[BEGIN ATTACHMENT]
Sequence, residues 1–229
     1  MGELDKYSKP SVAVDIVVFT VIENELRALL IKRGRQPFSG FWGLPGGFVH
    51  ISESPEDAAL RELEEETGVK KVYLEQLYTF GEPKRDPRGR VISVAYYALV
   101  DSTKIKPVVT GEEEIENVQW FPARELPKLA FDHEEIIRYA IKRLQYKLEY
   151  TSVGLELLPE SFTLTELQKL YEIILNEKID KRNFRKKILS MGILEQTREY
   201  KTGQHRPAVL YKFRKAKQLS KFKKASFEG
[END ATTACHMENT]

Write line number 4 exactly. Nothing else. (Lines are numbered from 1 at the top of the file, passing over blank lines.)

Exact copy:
   101  DSTKIKPVVT GEEEIENVQW FPARELPKLA FDHEEIIRYA IKRLQYKLEY